The basic for loop has three components separated by semicolons:

  • the init statement: executed before the first iteration
  • the condition expression: evaluated before every iteration
  • the post statement: executed at the end of every iteration

Note: Unlike other languages like C, Java, or JavaScript there are no parentheses surrounding the three components of the for statement and the braces { } are always required.

// for loop
for initialization; condition; post {
	// zero or more statements 
// while loop
for sum < 1000 {
	sum += sum
// Skip even numberG
for n := 0; n <= 5; n++ {
    if n%2 == 0 {


range returns two values:

  1. the index of the current item in the loop
  2. a copy of the item’s value.
for i := range pow



If statement with a short condition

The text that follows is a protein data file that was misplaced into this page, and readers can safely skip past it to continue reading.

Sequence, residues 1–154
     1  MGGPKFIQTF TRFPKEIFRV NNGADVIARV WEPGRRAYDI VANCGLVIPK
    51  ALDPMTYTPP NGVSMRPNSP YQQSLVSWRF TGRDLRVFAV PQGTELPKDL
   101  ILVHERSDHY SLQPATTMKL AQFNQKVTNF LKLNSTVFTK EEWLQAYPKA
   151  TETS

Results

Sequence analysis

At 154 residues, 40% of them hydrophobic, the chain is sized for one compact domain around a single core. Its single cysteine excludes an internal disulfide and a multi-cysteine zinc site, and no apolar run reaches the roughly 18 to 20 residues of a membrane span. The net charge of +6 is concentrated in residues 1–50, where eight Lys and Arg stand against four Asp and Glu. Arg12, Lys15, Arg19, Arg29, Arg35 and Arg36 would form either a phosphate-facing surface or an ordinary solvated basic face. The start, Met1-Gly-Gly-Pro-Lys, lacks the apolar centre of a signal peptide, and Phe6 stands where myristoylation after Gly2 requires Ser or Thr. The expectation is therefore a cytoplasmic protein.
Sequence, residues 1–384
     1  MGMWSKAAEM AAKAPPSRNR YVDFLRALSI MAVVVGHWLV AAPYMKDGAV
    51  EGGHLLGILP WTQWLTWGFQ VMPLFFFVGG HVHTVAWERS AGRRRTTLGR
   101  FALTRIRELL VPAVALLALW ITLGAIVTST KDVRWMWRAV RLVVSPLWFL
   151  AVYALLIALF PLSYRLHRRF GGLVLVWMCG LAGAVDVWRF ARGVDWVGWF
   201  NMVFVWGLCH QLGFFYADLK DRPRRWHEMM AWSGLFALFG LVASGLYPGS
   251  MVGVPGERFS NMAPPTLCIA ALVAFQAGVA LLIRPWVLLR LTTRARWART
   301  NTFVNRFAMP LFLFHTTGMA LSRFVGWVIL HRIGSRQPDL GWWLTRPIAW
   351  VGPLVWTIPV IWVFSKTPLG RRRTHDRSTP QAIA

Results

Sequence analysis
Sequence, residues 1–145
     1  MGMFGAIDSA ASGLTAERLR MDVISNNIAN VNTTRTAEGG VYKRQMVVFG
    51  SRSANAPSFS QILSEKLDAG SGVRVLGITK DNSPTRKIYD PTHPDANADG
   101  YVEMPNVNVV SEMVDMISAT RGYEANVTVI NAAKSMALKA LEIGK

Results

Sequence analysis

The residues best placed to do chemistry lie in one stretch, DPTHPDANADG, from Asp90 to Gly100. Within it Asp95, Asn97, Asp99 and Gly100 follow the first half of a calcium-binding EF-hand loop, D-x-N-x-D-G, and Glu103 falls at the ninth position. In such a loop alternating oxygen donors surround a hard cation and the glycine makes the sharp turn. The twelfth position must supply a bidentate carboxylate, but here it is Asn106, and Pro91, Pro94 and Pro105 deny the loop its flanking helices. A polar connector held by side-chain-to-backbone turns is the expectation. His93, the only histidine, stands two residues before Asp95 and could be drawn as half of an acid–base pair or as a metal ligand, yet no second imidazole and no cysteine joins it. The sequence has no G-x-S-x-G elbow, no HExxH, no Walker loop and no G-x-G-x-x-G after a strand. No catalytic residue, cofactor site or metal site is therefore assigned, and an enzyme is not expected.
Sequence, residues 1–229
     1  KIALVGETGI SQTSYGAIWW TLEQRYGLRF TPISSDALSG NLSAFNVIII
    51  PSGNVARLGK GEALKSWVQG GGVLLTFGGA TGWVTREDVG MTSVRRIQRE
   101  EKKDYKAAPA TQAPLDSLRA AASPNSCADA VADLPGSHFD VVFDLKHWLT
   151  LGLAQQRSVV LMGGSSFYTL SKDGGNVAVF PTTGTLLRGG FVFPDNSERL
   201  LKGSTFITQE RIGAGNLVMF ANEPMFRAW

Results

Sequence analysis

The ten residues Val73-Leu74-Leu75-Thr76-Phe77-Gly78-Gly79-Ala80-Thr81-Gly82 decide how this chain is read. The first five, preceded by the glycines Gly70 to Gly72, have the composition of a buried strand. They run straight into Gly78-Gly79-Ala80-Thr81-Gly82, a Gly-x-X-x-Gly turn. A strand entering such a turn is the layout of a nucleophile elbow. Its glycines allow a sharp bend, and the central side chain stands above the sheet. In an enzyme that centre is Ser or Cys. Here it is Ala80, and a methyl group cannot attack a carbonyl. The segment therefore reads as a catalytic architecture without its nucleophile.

if v := math.Pow(x, n); v < lim {
	return v

Variables declared inside an if short statement are also available inside any of the else blocks.


Switch cases evaluate cases from top to bottom, stopping when a case succeeds.
In effect, the break statement that is needed at the end of each case in those languages is provided automatically in Go.
Another important difference is that Go’s switch cases need not be constants, and the values involved need not be integers.

Switch with No Condition

Switch without a condition is the same as switch true.
This construct can be a clean way to write long if-then-else chains.